Israel attempted to use a sophisticated virus to spy on nuclear talks between Iran and P5+1, according to a report released Wednesday - by hacking into the servers of hotels where talks were being held.
Cybersecurity firm Kaspersky Lab ZAO found the hotels on a list of European servers hacked by the virus, identified as a version of Duqu, while scanning its own systems after finding it had been hacked.
Thousands of other hotels were clean, it told the Wall Street Journal - and the firm later deduced that the nuclear talks were the only common denominator for the luxury hotels.
Kaspersky officials allegedly did not name Israel as the official source for the virus, but noted there were subtle signs implicating it, including the name of the virus as "Duqu Bet" (Hebrew: Duqu 2).
The firm has reached out to the Federal Bureau of Investigations (FBI) over the report; the FBI has so far remained silent on confirmation of the report's findings, but one senior congressional official said the matter is being taken seriously.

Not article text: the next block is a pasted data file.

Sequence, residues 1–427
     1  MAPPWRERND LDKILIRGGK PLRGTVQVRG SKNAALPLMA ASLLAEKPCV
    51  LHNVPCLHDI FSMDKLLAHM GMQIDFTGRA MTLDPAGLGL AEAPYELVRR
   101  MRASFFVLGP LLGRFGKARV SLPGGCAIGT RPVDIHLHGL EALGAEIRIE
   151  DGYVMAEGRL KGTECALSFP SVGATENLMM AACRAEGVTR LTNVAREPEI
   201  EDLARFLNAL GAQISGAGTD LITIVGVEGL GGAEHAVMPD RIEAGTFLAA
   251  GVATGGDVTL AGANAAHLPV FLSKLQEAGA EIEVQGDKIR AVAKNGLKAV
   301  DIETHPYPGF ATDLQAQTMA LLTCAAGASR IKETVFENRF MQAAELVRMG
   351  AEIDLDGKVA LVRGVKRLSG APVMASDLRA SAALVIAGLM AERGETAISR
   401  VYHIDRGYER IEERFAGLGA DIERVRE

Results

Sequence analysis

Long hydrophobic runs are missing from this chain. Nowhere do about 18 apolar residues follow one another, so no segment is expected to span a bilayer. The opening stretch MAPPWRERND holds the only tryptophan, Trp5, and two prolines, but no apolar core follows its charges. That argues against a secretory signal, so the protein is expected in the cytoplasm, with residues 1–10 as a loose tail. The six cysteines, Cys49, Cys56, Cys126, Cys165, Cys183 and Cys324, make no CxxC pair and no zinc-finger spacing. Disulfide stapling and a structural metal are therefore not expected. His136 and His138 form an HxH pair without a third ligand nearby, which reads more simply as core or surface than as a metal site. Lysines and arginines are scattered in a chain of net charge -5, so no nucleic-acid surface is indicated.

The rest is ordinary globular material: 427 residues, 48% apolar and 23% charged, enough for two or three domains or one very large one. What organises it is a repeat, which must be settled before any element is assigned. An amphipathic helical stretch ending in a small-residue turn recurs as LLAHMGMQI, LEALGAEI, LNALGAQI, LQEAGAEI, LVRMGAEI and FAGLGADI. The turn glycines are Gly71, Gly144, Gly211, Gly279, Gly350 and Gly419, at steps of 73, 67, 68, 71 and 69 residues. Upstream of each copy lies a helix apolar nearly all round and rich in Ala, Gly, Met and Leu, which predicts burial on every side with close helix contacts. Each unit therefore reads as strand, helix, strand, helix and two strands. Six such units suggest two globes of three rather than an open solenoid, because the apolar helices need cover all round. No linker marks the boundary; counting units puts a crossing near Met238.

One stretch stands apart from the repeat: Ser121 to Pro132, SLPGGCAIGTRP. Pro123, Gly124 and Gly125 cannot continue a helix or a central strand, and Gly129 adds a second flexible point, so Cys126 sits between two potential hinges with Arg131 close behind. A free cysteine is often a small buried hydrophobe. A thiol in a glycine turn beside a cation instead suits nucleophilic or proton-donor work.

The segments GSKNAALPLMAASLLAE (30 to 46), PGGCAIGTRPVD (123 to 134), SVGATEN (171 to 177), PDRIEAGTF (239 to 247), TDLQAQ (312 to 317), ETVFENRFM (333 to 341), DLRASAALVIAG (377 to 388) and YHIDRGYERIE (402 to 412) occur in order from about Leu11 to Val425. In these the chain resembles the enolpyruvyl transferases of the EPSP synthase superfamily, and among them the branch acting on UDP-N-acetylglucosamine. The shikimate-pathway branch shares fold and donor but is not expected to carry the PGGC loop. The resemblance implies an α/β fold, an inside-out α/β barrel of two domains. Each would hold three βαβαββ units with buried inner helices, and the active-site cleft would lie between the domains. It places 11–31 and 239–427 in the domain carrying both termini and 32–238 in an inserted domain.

Experts believe Duqu, first discovered in 2011, is used to carry out Israel's most delicate intelligence-gathering projects.
Israel vehemently denied spying on talks when the Journal released a similar report in March.
In that report, Israel had been accused of using unspecified means to acquire information “from confidential US briefings, informants and diplomatic contacts in Europe.”